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regulated, a very stringent system put in place, whereby he would have

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to be unsound mind. You would have to request it, to protect the

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vulnerable. You would have to go through court systems and

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psychiatric testing and it would only be available to people who

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cannot kill themselves. Only a very small minority would be in that

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situation. None of us can put ourselves in that situation but is

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it something the Government is putting its head in the sand about

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because it cannot come up with a viable solution? This is really

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hard because it is a heartbreaking case. While everybody's heart goes

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out in this case, the danger is a different kind of case somewhere in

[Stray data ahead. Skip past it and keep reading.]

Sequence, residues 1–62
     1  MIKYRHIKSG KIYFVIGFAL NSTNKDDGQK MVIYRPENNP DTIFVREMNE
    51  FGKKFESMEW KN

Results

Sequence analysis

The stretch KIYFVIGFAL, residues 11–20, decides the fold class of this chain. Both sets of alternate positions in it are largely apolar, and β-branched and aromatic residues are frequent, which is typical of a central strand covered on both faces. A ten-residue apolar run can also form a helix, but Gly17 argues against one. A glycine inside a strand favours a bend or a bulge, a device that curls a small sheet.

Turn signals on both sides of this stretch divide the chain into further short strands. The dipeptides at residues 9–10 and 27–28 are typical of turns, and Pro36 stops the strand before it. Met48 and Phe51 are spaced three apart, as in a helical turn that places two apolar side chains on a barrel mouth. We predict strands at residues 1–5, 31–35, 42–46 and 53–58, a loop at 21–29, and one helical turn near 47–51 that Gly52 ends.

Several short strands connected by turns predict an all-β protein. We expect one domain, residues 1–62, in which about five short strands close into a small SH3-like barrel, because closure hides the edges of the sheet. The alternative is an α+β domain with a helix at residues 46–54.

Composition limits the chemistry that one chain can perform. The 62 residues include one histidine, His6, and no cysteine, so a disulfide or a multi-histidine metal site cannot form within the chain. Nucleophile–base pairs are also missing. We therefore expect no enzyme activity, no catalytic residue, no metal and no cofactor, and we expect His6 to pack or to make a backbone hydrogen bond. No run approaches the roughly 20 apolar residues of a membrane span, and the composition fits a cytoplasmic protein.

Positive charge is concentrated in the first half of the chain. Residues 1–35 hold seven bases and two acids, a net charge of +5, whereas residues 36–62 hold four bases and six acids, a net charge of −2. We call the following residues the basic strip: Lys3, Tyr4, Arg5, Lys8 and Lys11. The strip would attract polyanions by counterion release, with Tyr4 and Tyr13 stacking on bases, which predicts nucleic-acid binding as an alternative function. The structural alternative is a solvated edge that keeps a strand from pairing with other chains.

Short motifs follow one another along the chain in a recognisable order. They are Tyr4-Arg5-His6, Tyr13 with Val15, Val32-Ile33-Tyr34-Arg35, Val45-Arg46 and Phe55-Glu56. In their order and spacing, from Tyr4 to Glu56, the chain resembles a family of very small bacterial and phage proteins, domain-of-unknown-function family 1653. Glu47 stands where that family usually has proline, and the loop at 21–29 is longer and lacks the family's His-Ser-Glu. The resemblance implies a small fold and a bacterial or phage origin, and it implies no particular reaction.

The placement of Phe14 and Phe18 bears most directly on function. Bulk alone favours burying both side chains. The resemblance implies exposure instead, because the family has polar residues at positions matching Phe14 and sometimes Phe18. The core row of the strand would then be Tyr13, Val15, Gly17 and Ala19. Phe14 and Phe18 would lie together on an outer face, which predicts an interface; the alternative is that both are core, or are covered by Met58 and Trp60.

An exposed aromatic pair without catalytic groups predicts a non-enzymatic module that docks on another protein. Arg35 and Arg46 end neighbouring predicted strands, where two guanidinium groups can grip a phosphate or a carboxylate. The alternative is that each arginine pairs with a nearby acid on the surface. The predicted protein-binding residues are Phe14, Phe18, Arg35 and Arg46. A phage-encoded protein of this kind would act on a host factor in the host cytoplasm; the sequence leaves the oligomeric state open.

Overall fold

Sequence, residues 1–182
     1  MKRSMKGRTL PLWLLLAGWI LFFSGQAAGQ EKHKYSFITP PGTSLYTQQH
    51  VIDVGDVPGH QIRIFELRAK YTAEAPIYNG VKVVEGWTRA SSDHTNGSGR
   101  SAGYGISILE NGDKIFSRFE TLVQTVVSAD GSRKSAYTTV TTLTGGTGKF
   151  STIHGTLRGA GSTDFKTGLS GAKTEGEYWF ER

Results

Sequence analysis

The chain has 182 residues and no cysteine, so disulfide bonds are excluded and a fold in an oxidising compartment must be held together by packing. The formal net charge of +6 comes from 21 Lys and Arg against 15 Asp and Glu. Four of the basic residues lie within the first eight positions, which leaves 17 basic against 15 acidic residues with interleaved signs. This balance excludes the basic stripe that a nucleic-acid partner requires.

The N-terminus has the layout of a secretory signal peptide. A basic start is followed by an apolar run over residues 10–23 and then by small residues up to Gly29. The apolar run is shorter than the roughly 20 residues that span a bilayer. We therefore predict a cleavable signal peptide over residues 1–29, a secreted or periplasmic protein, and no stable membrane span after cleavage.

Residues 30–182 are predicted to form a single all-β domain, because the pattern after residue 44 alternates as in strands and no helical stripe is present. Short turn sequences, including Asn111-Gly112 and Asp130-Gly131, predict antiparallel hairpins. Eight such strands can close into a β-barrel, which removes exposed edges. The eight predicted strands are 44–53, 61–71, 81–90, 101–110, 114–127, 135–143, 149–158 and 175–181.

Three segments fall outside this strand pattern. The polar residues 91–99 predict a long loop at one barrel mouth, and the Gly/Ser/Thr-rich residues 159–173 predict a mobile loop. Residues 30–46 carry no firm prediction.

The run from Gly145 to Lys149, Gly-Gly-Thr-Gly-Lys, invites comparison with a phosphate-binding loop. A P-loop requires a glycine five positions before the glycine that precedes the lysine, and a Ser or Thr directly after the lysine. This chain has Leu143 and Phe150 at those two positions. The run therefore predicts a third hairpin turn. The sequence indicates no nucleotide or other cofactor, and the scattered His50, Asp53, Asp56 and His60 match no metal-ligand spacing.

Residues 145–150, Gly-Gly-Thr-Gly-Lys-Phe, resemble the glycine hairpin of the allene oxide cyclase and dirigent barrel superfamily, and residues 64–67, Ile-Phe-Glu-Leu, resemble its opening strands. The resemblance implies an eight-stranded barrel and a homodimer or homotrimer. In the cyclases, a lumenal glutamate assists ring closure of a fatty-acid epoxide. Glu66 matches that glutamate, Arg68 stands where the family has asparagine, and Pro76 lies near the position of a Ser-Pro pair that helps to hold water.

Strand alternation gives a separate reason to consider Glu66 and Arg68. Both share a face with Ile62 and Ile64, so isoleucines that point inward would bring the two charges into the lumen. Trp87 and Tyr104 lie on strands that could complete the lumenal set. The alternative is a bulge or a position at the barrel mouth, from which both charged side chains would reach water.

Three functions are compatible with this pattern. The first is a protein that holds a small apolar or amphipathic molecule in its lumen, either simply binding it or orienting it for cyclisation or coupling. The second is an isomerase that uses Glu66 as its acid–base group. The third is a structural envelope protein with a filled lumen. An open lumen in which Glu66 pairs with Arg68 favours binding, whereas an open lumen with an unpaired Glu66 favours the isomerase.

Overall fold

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future way up if you get the legal changes wrong, you could end up

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with all sorts of dangerous precedents being set. You have to

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try really carefully, and I am not saying you should not try and we

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have a parliamentary debate on this, but it is difficult stuff to get

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right. He says he is discriminated against. Should he have the right

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to die? What more fundamental right could there be than the right to be

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able to have a say in that sort of matter. I 100% support him and his

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family. How far should that goal? Should adopt a repeat in a position

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where he can legally kill somebody? Their need to be the safeguards we